June 02 - 08, 2008

LAHORE: The recent measures announced by the Governor State Bank of Pakistan (SBP) raising the key discount rate to 12 per cent and imposing a 35 per cent margin on Letter of Credit (L/C) have been taken negatively by the people engaged with the capital market and different businesses.

The businessmen were of the view that they may face a liquidity crunch because of the imposition of 35-percent margin condition on the Letter of Credit (L/C) while the condition will further cause price hike of all the import-based products. However, the market people opined that the State Bank instead of taking tight monetary measures should check other factors responsible for food inflation in the country.

According to bankers, further tightening of monetary policy by the central bank would reduce the inflationary pressures on economy and narrow the current account and trade deficits. The headline inflation is standing at an alarming level which on year-on-year basis has almost doubled in just four months.

Regarding levying of 35 per cent margin on Letter of Credit (L/C), they said this margin would not be applied to oil and selective food imports. The real economic costs of the central bank borrowings cause enormous inflationary pressures, whose burden falls on businesses, industry and the public at large. So the government is best advised to launch a programme of scaling down the SBP borrowings by reducing its stock of borrowings from the central bank over the next few years.

On the other hand, businessmen associated with industrial and export-oriented sector have rejected the tightening of monetary policy by the SBP through raise in discount rate and said it would increase the financial woes of industry.

Pakistan Auto-parts Exporters Association Chairman Tahir Malik told PAGE that hike in discount rate on the pretext of checking the inflation would not bring desired results. He said the government should take corrective measures to improve the food supply situation, which is contributing in the surging inflation.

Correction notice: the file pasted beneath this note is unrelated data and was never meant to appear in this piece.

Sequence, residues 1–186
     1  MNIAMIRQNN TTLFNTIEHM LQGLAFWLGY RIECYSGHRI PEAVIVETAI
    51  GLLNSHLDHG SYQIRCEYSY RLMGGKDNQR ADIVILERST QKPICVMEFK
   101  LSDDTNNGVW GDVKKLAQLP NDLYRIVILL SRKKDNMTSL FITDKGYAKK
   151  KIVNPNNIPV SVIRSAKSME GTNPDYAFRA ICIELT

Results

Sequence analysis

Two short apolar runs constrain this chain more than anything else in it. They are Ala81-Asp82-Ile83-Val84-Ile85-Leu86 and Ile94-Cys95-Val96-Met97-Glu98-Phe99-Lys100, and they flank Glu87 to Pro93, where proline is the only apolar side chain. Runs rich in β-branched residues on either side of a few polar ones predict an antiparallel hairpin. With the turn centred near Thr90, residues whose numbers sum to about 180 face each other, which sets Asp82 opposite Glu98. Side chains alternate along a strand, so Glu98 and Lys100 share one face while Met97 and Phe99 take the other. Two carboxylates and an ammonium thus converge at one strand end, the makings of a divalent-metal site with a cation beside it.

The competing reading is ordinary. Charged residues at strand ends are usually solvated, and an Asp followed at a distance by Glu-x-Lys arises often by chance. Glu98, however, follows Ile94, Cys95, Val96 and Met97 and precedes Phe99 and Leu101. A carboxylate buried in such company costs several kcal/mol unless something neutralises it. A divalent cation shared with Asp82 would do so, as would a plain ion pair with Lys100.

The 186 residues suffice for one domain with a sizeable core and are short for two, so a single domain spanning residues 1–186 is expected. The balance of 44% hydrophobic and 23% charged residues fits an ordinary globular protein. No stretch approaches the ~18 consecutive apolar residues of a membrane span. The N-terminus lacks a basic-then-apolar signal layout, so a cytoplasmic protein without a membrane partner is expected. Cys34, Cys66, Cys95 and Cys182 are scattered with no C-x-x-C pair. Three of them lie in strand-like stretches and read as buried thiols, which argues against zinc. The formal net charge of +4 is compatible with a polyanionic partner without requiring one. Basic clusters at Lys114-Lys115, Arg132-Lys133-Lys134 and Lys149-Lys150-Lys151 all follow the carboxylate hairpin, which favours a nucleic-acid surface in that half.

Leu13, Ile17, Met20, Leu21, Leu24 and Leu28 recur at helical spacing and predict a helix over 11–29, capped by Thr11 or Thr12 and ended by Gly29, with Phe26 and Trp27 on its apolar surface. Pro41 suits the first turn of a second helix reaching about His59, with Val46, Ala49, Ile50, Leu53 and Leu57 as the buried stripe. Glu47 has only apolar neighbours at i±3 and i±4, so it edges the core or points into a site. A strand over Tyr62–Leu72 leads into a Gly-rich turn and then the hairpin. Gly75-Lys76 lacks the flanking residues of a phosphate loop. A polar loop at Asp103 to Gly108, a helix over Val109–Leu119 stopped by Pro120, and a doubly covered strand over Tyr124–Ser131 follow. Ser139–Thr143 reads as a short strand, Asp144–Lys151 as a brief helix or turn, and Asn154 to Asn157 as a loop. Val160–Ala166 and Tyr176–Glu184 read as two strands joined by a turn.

"The fresh hike in discount rate, ultimately increasing the interest rate would be doing nothing to curb the inflation, but would be adding further the financial cost of local products," he said.

Malik described the State Bank's decision totally illogical and irrational and said it will add the cost of production which is also on the rising trend because of mounting oil, electricity and gas prices in the country. "The importers will have to deposit huge amount in the banks on account of opening of Letters of Credit and will get no interest from the banks. The liquidity becomes more expensive if an importer gets loan from a bank to fulfill the L/C margin condition," he added.

The Lahore Township Industrial Association Chairman Amjad Ali Jawa told this scribe that the Quaid-e-Azam Industrial Estate that comprises more than 400 (mostly export based) industrial units are dependent on their raw material imported through various sources in the world. He said they were paying nil margins on Letter of Credits for the purchase of these raw materials but changing this nil margin with 35 percent advance cash margin will render all the purchases virtually stand still, he said. "If increase in the margin was essential, it should have been levied on luxurious and commercial imports instead of industrial raw material. The industries are planning to lay off thousands of workers as from next month, there will be no raw material available," he added.

The Lahore Chamber of Commerce and Industry's former vice president Mubashar Shaikh was of the view that Pakistan was an import based country and any irrational approach may aggravate the businessmen problems. Because of the L/C margin, all products, particularly import based items like plastic, pharmaceuticals, steels, chemicals, will become more expensive, he opined. He said the State Bank should have at least exempted the imports of industrial raw material from this condition.

Shaikh termed the monetary policy a major cause of slow growth in industrial sector and widening of economic inequalities in the last few years. "We are making efforts to reduce the cost of business so that our products could compete in the international market, but what government is doing tantamount to push the industry to wall," he regretted.